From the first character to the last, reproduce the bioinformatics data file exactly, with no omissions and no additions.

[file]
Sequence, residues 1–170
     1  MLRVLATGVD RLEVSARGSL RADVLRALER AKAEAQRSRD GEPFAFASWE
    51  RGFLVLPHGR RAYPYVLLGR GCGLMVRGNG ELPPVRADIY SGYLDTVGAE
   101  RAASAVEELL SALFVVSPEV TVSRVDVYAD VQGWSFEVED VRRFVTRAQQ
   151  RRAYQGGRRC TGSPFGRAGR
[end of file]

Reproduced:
Sequence, residues 1–170
     1  MLRVLATGVD RLEVSARGSL RADVLRALER AKAEAQRSRD GEPFAFASWE
    51  RGFLVLPHGR RAYPYVLLGR GCGLMVRGNG ELPPVRADIY SGYLDTVGAE
   101  RAASAVEELL SALFVVSPEV TVSRVDVYAD VQGWSFEVED VRRFVTRAQQ
   151  RRAYQGGRRC TGSPFGRAGR